NEWSECJ Advocate General: Champagne designation protected against „free-riding“

ECJ Advocate General: Champagne designation protected against „free-riding“

The name Champagne is increasingly causing a stir in courts this spring. First, after more than 10 years of judicial marathon, the Swiss village of Champagne is finally banned from using the place name for products made there – especially for wine, now it concerns a Spanish tapas bar in Barcelona, which has apparently given itself the name Champanillo in the manner of a treadmill driver.

LUXEMBOURG (Luxembourg City) – Protected designations of origin such as Champagne may not in principle be used for „commercial free-riding“ – for example as a name for a bar – according to an Advocate General at the European Court of Justice (ECJ). This assessment represents Advocate General Giovanni Pitruzzella after the opinion presented on Thursday in a dispute in Spain. There, the association of champagne producers had sued against the use of the name Champanillo for tapas bars. (Case C-783/19)

The Barcelona Provincial Court asked the Court of Justice to interpret the EU law provisions on the protection of products with a protected designation of origin – in this case, when used for services. The ECJ does not have to follow the Advocate General in its rulings, but it often does. The actual case is then decided by the Spanish court.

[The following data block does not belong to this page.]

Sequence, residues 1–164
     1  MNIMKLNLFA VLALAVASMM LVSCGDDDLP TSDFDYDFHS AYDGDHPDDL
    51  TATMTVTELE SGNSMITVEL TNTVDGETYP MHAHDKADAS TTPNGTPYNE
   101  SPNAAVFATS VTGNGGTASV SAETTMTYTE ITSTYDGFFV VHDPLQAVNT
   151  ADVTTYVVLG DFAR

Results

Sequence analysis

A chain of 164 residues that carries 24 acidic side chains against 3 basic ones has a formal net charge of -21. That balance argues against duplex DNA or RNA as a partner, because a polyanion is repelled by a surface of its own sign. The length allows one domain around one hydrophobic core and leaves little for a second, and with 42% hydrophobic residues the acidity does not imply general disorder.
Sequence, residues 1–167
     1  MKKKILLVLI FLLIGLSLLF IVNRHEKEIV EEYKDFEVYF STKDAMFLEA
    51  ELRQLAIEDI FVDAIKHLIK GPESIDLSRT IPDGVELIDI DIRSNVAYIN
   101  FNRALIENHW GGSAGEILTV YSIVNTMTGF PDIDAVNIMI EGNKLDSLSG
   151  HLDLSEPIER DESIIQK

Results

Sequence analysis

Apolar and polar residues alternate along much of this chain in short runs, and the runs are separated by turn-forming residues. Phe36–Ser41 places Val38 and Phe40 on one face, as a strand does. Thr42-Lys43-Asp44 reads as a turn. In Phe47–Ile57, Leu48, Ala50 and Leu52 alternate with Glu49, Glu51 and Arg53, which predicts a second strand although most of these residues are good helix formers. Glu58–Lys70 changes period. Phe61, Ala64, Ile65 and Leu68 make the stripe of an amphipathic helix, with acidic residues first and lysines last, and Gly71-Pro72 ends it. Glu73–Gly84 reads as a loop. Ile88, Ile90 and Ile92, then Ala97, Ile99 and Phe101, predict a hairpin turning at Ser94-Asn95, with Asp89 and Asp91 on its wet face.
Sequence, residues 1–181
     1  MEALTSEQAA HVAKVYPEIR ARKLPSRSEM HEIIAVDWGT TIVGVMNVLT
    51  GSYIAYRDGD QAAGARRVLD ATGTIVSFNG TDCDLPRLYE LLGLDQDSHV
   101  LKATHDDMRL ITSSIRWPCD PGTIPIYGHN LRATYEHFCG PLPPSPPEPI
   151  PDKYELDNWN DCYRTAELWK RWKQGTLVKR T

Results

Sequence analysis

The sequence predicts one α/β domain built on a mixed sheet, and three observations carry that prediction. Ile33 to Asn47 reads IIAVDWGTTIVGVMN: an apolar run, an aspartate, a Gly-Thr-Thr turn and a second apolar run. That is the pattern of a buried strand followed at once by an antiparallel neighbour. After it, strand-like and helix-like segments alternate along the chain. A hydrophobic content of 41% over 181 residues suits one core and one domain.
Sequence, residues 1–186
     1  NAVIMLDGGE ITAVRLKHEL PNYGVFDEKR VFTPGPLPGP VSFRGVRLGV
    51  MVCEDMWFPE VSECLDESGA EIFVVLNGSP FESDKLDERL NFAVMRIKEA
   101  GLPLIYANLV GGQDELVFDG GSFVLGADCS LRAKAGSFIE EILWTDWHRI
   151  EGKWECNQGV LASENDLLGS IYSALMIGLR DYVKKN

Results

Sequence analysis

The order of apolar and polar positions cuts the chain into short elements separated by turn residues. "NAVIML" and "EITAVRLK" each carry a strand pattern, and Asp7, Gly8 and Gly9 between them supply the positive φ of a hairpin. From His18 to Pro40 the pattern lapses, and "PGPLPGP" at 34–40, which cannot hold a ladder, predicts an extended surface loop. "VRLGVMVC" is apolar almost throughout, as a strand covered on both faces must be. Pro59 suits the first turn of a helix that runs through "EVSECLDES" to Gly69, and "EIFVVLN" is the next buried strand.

Products bearing a protected designation of origin are protected against „all practices of commercial free-riding, whether those practices have as their object products or services,“ the advocate general explained. Such free-riding occurs, he said, when the average consumer makes „an immediate mental association“ with the original product through a particular designation.

Alles was dem der Bezeichnung Champagne nahe kommt, ist für kommerzielle Nuztung untersagt. (Foto:

The terms Champagne and Champanillo „undoubtedly have a certain degree of visual and phonetic similarity,“ Pitruzzella continued – especially since the protected designation translates into Spanish as „Champán.“ However, there must be a similarity that is “close to identity” in order to speak of a use of the protected term. This was not the case in the specific instance because of the suffix “illo”.

Furthermore, EU law prohibits not only a use, but also an allusion to the designation of origin – and this could be the case here, Pitruzella explained. In this case, the national court would again have to extensively examine whether the consumer could establish „a direct mental reference“ to the product champagne. The „strong conceptual similarity“ – Champanillo literally means „little champagne“ – must also be taken into account. In addition, the company logo shows two glasses clinking together.

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